or streams in as urgently as birdsong?
What internal turbulence might remain
from a conversation yesterday, strong

enough to shape, in answer, an insight,
or push us toward a bedrock truth at last?
Often stumbling, night-blind, we move toward light
each day we live, however overcast.

Dawn brings a form of storm as yet unwrit,
blowing in to see what we’ll make of it.

Leslie Schultz

Today’s poem is an attempt at a Shakespearean sonnet.

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Northfield Sidewalk Poets (2017) on ArtZany Radio (April 21, 2017)

For each of the past seven years, ArtZany! – Radio for the Imagination,  hosted by Paula Granquist on KYMN (95.1 FM & 1080 AM) has invited a new crop of Northfield Sidewalk Poets to read and discuss their winning poems. This year, chair of the Arts and Culture Commission, Bonnie Jean Flom, and ten the eleven winning poets (ten winning poems total)  joined Paula on April 21 in the KYMN studio. The link above will take you to the archived show.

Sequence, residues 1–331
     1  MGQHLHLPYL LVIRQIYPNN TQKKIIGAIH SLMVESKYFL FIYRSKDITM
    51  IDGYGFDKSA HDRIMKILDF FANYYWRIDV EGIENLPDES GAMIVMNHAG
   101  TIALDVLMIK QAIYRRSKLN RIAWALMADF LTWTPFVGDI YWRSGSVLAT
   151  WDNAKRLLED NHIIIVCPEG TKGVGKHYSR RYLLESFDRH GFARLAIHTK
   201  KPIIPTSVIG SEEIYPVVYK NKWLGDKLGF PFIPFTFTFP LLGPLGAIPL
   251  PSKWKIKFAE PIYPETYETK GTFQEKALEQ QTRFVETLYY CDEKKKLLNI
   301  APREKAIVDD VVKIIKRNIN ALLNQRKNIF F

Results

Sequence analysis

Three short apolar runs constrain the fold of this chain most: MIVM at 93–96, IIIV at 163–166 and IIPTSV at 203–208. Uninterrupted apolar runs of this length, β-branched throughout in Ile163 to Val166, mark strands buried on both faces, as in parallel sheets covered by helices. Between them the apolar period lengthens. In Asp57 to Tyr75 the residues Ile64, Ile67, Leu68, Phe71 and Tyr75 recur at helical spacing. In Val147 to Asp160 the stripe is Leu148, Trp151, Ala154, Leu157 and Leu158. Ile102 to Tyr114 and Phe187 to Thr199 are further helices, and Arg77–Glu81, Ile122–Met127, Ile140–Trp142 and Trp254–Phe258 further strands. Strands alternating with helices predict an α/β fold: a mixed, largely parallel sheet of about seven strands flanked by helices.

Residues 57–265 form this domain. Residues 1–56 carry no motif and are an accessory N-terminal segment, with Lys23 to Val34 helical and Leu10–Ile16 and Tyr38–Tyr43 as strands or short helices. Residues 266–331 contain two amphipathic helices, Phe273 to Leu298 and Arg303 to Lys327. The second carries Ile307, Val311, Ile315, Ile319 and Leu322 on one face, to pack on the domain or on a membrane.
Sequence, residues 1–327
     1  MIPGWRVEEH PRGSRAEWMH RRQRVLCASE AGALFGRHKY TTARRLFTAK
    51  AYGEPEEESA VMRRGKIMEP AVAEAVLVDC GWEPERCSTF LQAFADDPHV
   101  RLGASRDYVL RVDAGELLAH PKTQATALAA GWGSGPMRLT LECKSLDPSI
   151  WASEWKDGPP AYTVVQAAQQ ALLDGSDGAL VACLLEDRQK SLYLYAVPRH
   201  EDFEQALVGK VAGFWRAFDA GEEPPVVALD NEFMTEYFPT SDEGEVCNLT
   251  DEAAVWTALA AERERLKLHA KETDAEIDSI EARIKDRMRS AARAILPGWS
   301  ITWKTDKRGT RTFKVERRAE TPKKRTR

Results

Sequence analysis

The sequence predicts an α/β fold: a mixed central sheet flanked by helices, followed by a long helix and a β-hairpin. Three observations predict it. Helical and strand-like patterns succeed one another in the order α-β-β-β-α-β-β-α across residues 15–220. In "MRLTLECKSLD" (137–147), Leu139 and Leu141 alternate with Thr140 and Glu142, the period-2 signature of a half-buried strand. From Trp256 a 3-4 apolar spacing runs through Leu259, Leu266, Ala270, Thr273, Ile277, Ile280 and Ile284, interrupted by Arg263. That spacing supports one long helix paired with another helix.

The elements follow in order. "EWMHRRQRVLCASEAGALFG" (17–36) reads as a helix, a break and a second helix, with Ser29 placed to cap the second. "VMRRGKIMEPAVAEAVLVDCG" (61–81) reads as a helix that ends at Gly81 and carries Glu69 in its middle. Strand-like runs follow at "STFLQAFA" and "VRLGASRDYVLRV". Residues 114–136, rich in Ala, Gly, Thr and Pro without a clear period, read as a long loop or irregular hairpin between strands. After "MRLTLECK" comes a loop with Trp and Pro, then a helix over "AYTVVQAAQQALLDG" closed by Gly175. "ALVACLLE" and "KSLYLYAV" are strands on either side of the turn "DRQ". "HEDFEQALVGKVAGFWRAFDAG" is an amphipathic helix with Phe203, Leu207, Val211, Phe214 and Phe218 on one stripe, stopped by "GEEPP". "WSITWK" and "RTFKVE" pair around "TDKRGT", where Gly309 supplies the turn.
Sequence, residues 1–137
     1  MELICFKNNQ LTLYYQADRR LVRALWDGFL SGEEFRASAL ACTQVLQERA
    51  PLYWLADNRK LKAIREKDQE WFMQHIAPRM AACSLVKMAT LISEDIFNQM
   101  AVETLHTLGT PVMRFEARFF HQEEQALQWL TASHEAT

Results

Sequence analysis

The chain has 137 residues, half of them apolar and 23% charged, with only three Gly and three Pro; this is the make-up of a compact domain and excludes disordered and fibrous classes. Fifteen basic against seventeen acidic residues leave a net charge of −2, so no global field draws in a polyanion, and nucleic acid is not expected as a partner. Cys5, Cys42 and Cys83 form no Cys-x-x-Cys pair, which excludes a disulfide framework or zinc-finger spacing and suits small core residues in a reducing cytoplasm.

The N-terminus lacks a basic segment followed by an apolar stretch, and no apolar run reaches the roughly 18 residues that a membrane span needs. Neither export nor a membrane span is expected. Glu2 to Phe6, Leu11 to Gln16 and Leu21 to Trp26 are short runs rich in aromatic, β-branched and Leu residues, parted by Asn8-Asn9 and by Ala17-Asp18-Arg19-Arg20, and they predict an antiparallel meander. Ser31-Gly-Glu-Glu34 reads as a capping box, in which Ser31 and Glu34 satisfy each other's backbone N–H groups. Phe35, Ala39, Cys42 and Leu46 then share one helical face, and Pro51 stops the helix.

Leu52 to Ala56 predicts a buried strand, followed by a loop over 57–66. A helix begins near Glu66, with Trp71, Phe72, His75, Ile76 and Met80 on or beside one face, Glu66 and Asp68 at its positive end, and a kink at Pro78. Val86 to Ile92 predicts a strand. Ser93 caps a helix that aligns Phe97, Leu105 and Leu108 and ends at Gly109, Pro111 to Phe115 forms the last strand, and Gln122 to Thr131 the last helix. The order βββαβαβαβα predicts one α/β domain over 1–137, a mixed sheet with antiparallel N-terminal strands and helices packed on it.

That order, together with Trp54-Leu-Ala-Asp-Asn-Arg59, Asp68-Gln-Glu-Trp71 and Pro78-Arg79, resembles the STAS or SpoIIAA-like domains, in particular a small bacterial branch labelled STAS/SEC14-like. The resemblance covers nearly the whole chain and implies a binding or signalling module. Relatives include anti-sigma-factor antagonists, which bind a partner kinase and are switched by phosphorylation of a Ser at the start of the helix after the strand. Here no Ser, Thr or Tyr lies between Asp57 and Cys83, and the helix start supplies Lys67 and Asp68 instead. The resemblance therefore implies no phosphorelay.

Pictured left to right are: Lucy Archibald, Jon P. Frasz, Susan Jaret McKinstry,  Anna Moltchanova, Mar Valdecantos, D.E. Green, Andrew & Gina Franklin,  Caitlin Clarey, and Leslie Schultz. (Not pictured: Aimee Hagerty Johnson.)

It was an hour of lively conversation by a true cross-section of the Northfield community. You can find out a lot more from the Northfield City website’s Sidewalk Poetry page (under the Arts and Culture Commission link) including copies of the winning poems, a description of the judging process, a link to Paul Krause’s documentary, and an interactive map showing poem locations.

I was very happy to be included this year.


This project is funded by the Southeastern Minnesota Arts Council (SEMAC) through the Arts and Culture Heritage Fund, as appropriated by the Minnesota State Legislature, with added support from the Friends and Foundation of the Northfield Library.

April 22, 2017 Earth Day Poem: “Motif, for Ansel Adams”

Motif for Ansel Adams

I knew my destiny when I first experienced Yosemite.